Researchers want immune cells to find cancer and report back

Our immune cells are constantly circulating through our bodies, killing off cancer cells before they grow into something worrisome.

Now a consortium, including Yale University, underwritten by Facebook founder Mark Zuckerberg and his wife, Priscilla Chan, is focused on programming those cells to more efficiently prevent disease.

It’s the country’s third BioHub, following San Francisco and Chicago, and it will combine the scientific resources of Yale, Columbia and Rockefeller universities, financed by the Chan Zuckerberg Initiative.

“It sounds a bit science fiction when you first hear about it, but at the same time it’s also very grounded in solid science,” said John Tsang, Yale’s lead on the project and director of the Yale Center for Systems and Engineering Immunology.

John Tsang of Yale University Yale University

“Immune cells are unique in that they go around your body, they are circulating, they go into tissues, they can detect issues in your tissues, for example, without us knowing,” Tsang said.

That includes cancer cells, he said.

“Typically we believe that our immune system is taking care of those for us already so they typically don’t grow out,” he said. “But the process of how that works, it’s not really well understood. We know that the immune cells are doing some of that, and the immune cells are also going around and sensing other things.”

The challenge for the scientists in the BioHub, which eventually will be a brick-and-mortar center in Manhattan, is how to use the immune cells “as a programming device,” Tsang said.

Andrea Califano, chairman of the Systems Biology Department at Columbia, leader of the New York BioHub, called the engineered immune cell a “cellular endoscope.”

“It will actually be not invasive at all,” he said. “It will be one of your own cells that has been changed a little bit to go to a particular organ and to detect whether there’s, for instance, a tumor that would be very easy to treat, if it were detected early but will be actually be very difficult or even impossible to treat if it’s caught later.”

Examples are pancreatic cancer and glioblastoma, which “are on the top hit list of what kills human beings.”

The plan is to “program the cells in a way that (they) can now go into your liver go in through a gut, and then they can be sensors of those issues and report back to us on what’s going on, and also potentially the cells can actually do something in those tissues as well … specifically to our liking,” Tsang said.

“We get tumors basically a million times a day,” Califano said. “The immune system just wipes them out before they’re harmful, but how do they wipe them out? Because when cancers have mutations those mutations are not recognizing it as a cell that is part of your body so the tumor detects that and kills the cancer cell.”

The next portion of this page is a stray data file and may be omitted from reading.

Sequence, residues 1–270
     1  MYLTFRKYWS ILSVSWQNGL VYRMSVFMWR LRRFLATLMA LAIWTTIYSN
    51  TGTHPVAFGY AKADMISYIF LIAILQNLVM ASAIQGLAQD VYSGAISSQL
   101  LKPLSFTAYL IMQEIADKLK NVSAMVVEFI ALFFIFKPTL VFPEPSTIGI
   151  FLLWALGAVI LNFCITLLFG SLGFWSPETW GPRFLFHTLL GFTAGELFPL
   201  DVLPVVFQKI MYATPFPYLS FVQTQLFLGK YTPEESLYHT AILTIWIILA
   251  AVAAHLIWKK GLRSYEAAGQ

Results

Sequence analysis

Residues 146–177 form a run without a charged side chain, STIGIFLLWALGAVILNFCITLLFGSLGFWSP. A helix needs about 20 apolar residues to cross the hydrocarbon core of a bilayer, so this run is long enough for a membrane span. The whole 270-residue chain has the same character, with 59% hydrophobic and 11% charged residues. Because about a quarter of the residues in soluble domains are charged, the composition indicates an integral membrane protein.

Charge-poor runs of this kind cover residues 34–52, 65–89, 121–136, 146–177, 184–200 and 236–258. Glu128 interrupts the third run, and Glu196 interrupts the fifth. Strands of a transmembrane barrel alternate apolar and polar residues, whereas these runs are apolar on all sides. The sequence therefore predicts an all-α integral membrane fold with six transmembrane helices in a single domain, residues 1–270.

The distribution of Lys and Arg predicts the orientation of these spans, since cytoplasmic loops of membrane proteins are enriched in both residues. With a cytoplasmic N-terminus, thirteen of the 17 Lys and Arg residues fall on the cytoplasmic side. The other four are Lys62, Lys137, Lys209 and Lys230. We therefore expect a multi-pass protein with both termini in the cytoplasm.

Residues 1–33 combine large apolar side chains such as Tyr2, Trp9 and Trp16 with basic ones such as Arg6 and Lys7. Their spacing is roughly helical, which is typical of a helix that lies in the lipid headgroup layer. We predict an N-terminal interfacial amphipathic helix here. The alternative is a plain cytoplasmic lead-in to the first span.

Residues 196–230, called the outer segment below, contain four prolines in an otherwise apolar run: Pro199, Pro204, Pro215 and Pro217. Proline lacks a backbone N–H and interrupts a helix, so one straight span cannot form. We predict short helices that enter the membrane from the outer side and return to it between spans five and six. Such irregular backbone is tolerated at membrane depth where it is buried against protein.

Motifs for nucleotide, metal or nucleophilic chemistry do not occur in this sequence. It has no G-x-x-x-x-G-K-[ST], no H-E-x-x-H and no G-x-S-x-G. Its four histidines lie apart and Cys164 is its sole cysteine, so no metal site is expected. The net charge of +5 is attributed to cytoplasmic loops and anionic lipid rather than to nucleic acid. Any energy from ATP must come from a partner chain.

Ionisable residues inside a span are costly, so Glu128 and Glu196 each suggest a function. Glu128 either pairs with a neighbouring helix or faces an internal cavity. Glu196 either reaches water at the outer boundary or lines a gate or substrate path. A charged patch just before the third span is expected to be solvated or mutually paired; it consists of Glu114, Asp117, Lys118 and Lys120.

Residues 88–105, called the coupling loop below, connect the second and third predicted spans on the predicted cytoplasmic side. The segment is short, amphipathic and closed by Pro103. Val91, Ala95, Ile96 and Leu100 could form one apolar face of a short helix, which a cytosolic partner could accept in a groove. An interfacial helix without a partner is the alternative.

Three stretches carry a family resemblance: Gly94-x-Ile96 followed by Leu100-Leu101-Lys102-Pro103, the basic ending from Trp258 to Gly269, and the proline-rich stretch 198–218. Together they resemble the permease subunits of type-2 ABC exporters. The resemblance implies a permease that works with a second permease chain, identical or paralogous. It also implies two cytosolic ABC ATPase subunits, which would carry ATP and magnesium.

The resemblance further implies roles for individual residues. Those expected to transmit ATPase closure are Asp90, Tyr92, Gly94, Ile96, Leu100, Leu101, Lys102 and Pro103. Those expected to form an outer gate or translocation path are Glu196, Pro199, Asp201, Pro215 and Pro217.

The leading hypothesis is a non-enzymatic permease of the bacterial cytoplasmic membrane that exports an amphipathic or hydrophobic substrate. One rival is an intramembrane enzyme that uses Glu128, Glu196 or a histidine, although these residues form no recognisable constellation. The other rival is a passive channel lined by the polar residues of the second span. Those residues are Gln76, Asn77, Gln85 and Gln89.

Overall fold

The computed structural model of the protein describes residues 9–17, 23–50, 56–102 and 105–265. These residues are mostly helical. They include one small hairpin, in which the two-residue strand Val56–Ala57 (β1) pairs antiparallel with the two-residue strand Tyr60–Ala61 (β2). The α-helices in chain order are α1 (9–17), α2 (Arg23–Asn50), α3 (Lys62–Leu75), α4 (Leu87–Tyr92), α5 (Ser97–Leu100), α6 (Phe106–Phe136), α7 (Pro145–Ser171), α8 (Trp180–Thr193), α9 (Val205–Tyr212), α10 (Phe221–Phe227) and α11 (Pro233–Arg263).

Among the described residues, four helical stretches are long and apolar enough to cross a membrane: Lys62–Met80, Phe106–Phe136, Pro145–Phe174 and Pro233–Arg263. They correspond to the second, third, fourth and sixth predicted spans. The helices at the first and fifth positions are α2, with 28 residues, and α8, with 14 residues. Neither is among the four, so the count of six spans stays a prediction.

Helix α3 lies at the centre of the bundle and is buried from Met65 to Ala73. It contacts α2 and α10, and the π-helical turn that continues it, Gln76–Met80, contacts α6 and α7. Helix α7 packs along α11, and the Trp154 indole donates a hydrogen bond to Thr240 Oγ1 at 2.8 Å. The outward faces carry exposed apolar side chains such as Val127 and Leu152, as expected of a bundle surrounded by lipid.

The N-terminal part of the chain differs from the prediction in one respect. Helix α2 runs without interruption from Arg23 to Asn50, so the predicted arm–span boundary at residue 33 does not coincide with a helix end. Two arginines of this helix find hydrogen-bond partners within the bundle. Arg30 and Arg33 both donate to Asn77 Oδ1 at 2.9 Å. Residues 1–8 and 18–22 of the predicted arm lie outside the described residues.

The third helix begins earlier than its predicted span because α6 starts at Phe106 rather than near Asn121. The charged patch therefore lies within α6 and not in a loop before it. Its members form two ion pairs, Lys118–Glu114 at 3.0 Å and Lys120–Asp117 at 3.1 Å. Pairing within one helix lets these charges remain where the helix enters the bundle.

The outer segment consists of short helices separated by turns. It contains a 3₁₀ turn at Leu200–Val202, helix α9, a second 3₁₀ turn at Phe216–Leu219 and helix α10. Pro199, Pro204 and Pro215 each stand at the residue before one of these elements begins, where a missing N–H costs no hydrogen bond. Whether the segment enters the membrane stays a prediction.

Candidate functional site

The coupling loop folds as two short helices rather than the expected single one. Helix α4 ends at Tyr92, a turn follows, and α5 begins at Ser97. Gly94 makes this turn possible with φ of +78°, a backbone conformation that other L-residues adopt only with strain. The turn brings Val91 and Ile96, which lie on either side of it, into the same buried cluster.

But cancer cells also recruit nearby immune cells, which prevent other immune cells from attacking the tumor “so the tumor is very good at emitting signals that will recruit cells or reprogram cells that are now becoming immunosuppressive, he said. “They no longer allow the immune system to think the cancer is a bad thing, basically hiding behind a cape of invisibility.”

The BioHub team’s job is to program immune cells to recognize the signals sent out by the protective cells.

Some immune cells prefer to go into certain organs better than others, so Tsang wants to decode what he calls “cell trafficking.”

“And then once we understand that, then we can use that knowledge to engineer the cells,” he said. “For example, let them express certain types of genes that will then go into specific locations.”

Immune cells could also be used to insert DNA into specific places into the genome, using CRISPR technology, which edits genes, that would guide immune cells into specific locations.

“And they can then sense the kind of events we want them to sense,” Tsang said. “They could be sensing for example, specific signals in the early tumor, and then that signal gets into the cell, which would then guide the cell to do other things.”

The third technology is called writing, “how do you write information within the cells like it’s like writing to a tape?” he said.

The team is a long way off from being able to have immune cells perform these tasks, Tsang said. There are challenges in both basic science and engineering to be met.

Chan Zuckerberg has committed $250 million over 10 years to the project.

“I think it’s scientifically very exciting; it’s challenging,” Tsang said. “But of course, you need to get the right teams and getting all the people together and I think that’s part of the excitement but it’s also part of the challenge.”

Tsang said he’s also excited about getting together with colleagues from Columbia and Rockefeller. “I think a new spark would come out even beyond what you envision in terms of these specific goals,” he said.

“You get a bunch of people together and with this being the glue and the catalyst for getting the folks together, I think we’re going to advance both on the front that we can see now but also there will be unexpected new things I think that would come up,” he said. 

“The collaborative nature of this effort is really remarkable because this is something that, when I was originally exposed to the idea I thought it was science fiction, and there was no way we’re going to be able to do it,” Califano said.

“And then when we started to go around the three institutions, we saw that all the individual pieces were actually there. And so this is something that cannot be done by any institution in isolation, and I think that’s what makes it truly remarkable,” he said. 

Ed Stannard can be reached at [email protected]. 

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